My Dying Bride - The Light At The End Of The World
After an experimental journey that was welcomed with mixed reviews, the long-established doom maestros My Dying Bride would attempt to re-tool and venture back towards their roots with The Light At The End Of The World. Released back in 1999 and featuring new talent behind the kit and on guitar, The Light... makes a valiant attempt at capturing the essence of the band at their peak. But does it quite hit the same mark?
That is the ultimate issue I have with the album. Long gone are the industrial haunted house atmospheres and psuedo-progressive leanings of prior effort 34.788%...Complete, but in a very tangible way, this misconceived venture left more in it's wake than a so-so album. The Light... seems to lack some fundamental element of the band's pinnacle years, when the mood and the metal meshed in dreary, depressive bliss. Whether this can be attributed to lethargy, lineup changes or simple lack of creativity is anybody's guess, but The Light is nothing more than an average album that was given far too much credit at the time of it's releases for simply being different than it's predecesor. Most tracks are flat in terms of truly creative material, but on the other hand are entirely acceptable under any other header. "She Is The Dark" is one of the few tracks that belongs amongst the band's greatest works, it truly is spectacularly well done and belongs as the introductory number. The vast majority of songs after this, sadly, fail to deliver along the same lines. The band themselves are not entirely in sync to my ears, which may be an issue of chemistry between new band members. The guitars and percussion seem to coexist apart from one another at times, simply occupying the same space because it's expected and not because it works. Vocalist Aaron Stainthorpe readopted some of the death metal-ish guttural growling that marked the band's earliest works, but the variation he utilizes now seems flat and lacking punch in comparison.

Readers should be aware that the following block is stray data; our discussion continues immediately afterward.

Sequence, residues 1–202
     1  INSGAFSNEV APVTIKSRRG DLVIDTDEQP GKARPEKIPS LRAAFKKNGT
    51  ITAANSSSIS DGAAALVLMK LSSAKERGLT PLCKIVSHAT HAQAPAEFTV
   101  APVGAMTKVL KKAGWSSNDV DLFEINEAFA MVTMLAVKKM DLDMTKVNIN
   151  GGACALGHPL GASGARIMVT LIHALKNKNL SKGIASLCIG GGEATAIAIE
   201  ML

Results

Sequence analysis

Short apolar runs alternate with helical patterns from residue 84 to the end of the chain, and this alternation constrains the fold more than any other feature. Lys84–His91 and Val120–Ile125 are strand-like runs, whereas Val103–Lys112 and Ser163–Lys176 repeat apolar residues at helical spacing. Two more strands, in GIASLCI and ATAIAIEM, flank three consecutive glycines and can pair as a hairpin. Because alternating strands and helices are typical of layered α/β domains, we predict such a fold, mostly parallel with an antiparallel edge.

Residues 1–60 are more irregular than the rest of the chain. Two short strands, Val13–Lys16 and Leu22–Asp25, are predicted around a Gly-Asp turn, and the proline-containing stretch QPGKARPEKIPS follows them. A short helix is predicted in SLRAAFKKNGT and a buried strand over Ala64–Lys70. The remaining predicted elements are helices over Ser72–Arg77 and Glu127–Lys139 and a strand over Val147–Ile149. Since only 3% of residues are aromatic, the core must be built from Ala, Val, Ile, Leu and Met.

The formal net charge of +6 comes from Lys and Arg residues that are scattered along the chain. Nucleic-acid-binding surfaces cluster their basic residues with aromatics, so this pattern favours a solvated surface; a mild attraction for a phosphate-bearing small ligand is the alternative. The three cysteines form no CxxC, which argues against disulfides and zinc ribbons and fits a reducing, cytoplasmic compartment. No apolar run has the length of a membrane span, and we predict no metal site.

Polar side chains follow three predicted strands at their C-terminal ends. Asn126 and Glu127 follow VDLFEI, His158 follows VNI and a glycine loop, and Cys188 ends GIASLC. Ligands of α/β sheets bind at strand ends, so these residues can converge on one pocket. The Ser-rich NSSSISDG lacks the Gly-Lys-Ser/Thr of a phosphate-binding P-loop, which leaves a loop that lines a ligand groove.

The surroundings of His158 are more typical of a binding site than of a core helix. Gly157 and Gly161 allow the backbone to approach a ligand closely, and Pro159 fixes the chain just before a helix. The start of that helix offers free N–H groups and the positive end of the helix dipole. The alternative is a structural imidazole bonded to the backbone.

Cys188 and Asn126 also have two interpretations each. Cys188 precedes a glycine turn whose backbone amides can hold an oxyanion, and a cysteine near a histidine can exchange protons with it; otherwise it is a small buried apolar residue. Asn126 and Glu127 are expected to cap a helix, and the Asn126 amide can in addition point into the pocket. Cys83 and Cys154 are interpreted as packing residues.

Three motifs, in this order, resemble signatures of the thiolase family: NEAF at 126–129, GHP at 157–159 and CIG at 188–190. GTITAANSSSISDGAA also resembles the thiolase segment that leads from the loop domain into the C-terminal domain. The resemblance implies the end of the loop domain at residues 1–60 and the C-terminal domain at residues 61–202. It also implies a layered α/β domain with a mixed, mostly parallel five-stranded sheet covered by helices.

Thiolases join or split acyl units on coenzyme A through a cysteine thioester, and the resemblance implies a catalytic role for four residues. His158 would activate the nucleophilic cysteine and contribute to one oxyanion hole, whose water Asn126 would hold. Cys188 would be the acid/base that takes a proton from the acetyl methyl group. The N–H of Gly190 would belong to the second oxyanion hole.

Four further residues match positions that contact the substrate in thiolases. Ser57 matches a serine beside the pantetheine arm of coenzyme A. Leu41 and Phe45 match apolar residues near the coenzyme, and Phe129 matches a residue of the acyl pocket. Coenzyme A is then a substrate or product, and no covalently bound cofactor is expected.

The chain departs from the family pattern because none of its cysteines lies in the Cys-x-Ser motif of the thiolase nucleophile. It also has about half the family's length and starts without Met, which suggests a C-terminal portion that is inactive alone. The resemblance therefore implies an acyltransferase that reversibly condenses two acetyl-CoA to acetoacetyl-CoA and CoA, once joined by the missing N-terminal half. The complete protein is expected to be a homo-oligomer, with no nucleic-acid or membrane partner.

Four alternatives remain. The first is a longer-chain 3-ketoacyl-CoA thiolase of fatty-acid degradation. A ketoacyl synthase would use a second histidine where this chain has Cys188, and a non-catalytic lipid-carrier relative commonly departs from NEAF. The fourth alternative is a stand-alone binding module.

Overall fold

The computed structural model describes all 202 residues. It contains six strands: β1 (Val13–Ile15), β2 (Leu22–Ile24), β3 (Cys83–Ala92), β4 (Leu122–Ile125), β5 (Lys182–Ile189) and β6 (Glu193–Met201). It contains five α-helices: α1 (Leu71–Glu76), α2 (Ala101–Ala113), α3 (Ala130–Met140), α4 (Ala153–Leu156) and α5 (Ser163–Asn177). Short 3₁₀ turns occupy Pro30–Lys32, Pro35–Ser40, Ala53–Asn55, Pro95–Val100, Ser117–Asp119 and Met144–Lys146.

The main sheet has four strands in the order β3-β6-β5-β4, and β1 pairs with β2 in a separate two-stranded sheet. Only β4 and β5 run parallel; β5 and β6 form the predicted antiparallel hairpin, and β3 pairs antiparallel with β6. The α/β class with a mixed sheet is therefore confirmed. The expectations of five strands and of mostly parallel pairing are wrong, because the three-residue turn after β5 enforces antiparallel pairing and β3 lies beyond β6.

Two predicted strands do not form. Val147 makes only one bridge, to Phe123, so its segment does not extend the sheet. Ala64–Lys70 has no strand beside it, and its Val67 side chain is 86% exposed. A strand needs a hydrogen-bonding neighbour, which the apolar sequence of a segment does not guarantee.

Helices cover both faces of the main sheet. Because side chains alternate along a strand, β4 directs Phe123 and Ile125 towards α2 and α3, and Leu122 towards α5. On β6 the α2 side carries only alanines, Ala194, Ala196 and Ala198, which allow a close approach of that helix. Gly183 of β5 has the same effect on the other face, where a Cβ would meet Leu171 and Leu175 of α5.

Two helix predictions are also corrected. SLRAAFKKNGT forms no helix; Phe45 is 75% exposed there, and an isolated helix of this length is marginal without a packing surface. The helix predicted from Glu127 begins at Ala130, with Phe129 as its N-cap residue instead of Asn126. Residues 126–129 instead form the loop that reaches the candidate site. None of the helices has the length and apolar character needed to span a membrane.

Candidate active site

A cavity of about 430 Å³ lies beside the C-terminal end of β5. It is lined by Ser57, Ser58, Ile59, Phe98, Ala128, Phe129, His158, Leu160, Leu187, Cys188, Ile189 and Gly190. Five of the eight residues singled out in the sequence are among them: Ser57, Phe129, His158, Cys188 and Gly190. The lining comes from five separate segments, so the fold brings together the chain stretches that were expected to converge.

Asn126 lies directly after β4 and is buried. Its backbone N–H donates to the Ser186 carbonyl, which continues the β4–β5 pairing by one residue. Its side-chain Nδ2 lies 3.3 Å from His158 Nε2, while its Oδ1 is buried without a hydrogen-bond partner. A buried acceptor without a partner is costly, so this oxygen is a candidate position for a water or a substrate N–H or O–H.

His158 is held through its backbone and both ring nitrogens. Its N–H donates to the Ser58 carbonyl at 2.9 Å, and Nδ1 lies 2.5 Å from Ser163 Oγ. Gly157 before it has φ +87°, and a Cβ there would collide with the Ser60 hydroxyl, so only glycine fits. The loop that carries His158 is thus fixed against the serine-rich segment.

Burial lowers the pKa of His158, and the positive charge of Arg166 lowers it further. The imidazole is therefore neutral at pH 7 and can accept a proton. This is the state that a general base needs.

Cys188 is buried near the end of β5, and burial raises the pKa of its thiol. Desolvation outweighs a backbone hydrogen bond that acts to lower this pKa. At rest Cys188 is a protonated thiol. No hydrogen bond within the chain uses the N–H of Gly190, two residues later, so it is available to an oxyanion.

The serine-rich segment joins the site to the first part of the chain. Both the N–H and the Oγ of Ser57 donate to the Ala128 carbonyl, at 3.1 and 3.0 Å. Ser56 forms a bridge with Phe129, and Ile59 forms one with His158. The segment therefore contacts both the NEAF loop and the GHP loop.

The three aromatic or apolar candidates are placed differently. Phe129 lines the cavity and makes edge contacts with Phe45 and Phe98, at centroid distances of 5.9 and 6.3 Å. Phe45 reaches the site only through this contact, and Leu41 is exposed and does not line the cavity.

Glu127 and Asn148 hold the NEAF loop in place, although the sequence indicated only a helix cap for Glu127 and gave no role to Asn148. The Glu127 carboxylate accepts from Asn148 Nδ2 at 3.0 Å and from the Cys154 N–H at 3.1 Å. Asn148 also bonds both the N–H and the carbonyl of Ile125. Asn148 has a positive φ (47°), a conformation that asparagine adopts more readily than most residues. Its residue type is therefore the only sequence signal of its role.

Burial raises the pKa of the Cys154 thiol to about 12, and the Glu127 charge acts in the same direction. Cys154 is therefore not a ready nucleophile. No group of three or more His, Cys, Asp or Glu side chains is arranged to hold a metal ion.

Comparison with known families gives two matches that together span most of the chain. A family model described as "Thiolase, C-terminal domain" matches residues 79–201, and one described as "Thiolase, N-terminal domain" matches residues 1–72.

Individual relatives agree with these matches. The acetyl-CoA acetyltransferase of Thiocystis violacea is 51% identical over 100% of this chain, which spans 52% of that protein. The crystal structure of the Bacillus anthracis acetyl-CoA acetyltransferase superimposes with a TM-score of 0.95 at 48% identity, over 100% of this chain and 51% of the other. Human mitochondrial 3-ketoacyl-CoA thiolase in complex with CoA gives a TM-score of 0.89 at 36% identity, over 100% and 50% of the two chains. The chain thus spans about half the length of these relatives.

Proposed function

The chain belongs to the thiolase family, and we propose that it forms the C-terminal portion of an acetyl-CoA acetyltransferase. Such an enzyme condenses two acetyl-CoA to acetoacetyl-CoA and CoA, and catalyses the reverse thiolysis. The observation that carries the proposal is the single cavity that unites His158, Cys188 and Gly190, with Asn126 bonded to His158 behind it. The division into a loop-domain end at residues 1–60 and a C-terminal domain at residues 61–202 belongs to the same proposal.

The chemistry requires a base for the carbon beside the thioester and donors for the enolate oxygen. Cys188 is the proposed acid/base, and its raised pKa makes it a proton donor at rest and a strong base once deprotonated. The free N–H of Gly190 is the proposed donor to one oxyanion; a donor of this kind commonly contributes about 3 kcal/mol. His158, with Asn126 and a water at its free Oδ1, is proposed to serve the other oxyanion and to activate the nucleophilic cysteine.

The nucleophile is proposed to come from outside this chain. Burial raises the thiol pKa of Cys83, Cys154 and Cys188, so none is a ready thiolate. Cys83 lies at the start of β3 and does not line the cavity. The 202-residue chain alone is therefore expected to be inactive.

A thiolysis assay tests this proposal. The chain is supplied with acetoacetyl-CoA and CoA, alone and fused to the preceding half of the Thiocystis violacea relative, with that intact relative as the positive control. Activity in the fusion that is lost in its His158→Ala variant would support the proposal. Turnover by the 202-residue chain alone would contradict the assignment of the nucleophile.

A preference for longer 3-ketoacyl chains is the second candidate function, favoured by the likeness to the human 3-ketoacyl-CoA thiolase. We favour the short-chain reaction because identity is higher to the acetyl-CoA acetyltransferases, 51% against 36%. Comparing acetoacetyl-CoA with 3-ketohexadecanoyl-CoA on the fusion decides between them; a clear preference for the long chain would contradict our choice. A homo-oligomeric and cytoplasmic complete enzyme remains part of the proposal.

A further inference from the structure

My Dying Bride would go on to release much better material, but at the time this really felt like the dying gasp of one of the metal scene's most prominent pioneers. The Light At The End Of The World is too long, too light and ultimately not becoming of a band of such stature. If you can remove expectations from the mix, however, you'll be treated to a solid if unspectacular death/doom experience, well worth the price of admission.
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